• 32a [Italian city on the Adriatic] BRINDISI. Wonder how far it is from Trieste? Oh! It’s quite far—didn’t realize how southern BRINDISI is.
  • 95a [Dried berry with flavors of cloves, nutmeg and cinnamon] ALLSPICE.
  • 98a [Gag reflex?] LAUGH. Cute.
  • 105a [Highest state capital] SANTA FE. Trivia I did not know.
  • 115a [He debated Pence in 2016] KAINE. Several lifetimes ago.
  • 113a [Pegs for Palmer] TEES. Not theme-related.

Guilherme Gilioli’s Universal Crossword, “Universal Freestyle 38” — norah’s write-up



Universal, G. Gilioli, 9-17-2022

    • GOOFFSCRIPT 32A [Ad-lib]
    • BOOTLEGCOPY 52A [Unofficial recording]
    • TINFOILHATS 37A [Pieces of headwear that might protect against mind reading (but probably not)]
    • SOL 40A [Manzanita ___ (apple-flavored soft drink)]
    • EMOJI 41A [Pictogram that helps fill in emotional cues]

While Guilherme’s grid is solid, clean, and well-built with a nice center stairstack, the highlights of this solving experience are found in the clues. With specific references for entries like TIARA (47 [Papal ___ (image on the Vatican flag)]), NDA (20A [Doc often signed by reality show participants]), LOGIC (24D [Sudoku solver’s skill]), and those listed above, I would have liked to see a similar style of clue for BACONGREASE (maybe something about breakfast gravy or cornbread or roasted potatoes, yum). This puzzle was a little harder than the average Universal themeless for me, but all in all still a fun solve. Thank you Guilherme!

Steve Mossberg’s Newsday crossword, Saturday Stumper — pannonica’s write-up

Newsday • 9/17/22 • Saturday Stumper • Mossberg • solution • 20220917

Wow. At no point did I feel like I was making significant progress with this crossword. Continually I was abandoning paltrily filled sections in search of more fertile pastures, and continually I was stymied. And yet, in under fifteen minutes, it was done. I have no idea how that happened.

  • 1a [Film with the most AFI top 100 quotes (6)] CASABLANCA. My immediate instinct was that this was the film, but somehow I miscounted the letters, believed it didn’t fit. So this ended up being filled in rather late.
  • 15a [Set aside] OVERRIDDEN. One of many deliberately oblique clues. I’ll tag some others as I go along.
  • 17a [Get on in the future] BEAM ABOARD. This needs a question mark. I think it’s been determined (or perhaps just speculated) that teleportation would involve death (and duplication).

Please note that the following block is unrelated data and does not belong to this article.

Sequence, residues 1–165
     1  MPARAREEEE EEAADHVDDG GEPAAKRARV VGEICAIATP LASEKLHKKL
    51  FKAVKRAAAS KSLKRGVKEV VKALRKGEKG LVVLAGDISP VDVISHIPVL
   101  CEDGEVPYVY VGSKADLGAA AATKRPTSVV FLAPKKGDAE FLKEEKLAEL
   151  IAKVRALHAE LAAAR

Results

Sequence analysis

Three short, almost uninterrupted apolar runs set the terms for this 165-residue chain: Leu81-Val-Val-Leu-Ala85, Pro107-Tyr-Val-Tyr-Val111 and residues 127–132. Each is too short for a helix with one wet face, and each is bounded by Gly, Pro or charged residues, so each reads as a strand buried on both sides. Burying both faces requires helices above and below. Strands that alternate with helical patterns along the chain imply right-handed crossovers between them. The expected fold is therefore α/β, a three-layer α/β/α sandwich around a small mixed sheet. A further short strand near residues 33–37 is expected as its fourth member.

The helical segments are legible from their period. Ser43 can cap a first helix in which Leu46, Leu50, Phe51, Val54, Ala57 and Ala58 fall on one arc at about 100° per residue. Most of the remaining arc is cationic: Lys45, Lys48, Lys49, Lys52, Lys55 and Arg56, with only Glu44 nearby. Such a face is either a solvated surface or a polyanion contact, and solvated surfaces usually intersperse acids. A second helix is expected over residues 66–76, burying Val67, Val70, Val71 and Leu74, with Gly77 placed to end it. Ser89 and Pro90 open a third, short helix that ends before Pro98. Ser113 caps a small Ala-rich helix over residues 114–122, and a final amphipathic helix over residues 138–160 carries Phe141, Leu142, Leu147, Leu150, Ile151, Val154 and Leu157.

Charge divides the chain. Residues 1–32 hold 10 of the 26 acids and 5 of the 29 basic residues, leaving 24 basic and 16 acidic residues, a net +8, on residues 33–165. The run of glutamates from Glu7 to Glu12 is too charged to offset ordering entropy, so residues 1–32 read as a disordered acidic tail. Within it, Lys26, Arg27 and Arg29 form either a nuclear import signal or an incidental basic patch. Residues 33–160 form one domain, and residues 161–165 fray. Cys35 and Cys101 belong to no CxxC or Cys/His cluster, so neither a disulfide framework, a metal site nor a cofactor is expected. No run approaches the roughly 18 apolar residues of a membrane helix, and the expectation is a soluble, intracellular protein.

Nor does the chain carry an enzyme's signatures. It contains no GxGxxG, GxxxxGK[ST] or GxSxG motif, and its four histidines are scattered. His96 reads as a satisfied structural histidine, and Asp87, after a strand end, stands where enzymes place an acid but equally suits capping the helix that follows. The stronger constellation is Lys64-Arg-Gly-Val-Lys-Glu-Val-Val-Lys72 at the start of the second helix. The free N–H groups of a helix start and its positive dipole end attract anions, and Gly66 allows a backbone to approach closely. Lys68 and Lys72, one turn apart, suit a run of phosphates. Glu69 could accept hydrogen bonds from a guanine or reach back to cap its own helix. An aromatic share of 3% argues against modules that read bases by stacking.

• I see in the comments below that RunawayPancake has already observed that several clues give no indication that their answers involve initialisms or abbrevs. 18-across [Ranger employer] USDI is the first of these.
  • 19a [Frost line] BRR, 20a [Frost lines] VERSE.
  • 23a [Decidedly] ALL THAT. <code>oblique</code>
  • 30a [Goes on further] ELABORATES. Liked this one.
  • 37a [Driver’s detour] SLICE. Golf. I knew this was constructed as a misdirection, but still couldn’t see where I should go. Similar, even more pointed, experience with 22d [One concerned with approach, take-off and landing] POLEVAULTER.
  • 38a [Words that add depth to a video game character] FLAVORTEXT. I. Do. Not. Like. that coinage.
  • 42a [Word from the French for “rogue”] MARAUD. I would’ve thought that rogue is itself of French derivation but m-w suggests that it’s of obscure origin. Interesting.
  • 47a [Pair in space before John Glenn] APES. oof
  • 49a [Product of culinary cranks] PASTA. One of the longer entries I was able to get with zero crossings. 11d [Emeril makes them with yogurt and coconut] FRUIT SALADS was not another like that.
  • 55a [Big Apple’s Pastrami Queen, e.g.] KOSHER DELI. Got this one with just the L, which I in turn got from 52d [Mag with Style Points and Glam Room sections] ELLE, which itself in turn drew from 51a [Individually] PER. Concatenation!
  • 60a [Overpays] GETS SOAKED. <code>oblique</code>
  • 1d [Brown Derby owner who gave his name to a green course] COBB. >shakes head at clue<
  • 9d [Morning reading for many] CEREAL BOX. Still, in these days of smartphones and tablets?
  • 10d [S-so insertion] AND. My very first bit of fill.
  • 12d [Taste of philosophy] AESTHETICS. Just now perceiving the correct sense of taste here. I had thought the idea was that it’s an introductory aspect of philosophy. Duh.
  • 13d [Slavic female name that’s an Irish male name reversed] NADIA. This is one of those clues that are annoying except in retrospect, whereupon they become interesting and you can appreciate them.
  • 21d [Puts down] SLURS. <code>oblique</code> 16a [Bring up] REAR.
  • 27d [Brown sugar] CARAMELIZE. Brown is a verb here. Tricky.

How did this one treat you?

Matthew Stock’s USA Today crossword, “Last to Leave”—Matthew’s write-up

Matthew Stock’s USA Today crossword solution, “Last to Leave,” 9/17/2022

Our themers end with words that suggest “leaving,” thus the title “Last to Leave”:

  • 15a [Fruit-based ice cream parlor order] BANANA SPLIT
  • 34a [Two-person trampoline trick] DOUBLE BOUNCE
  • 55a [Snack combo often served in two nesting bowls] CHIPS AND DIP

I smiled all over the place moving through the fill today. I know PAI gow as a domino game, but I see there’s a card game of a similar name. Solved this puzzle hungry, and PANEER, TUNA, SATAY, BANANA SPLIT, CHIPS AND DIP, TACQUERIA all have me thinking about dinner this evening. And, you know, who doesn’t love a good case of the ZOOMIES? [32d Pet’s burst of energy].

Have a great weekend!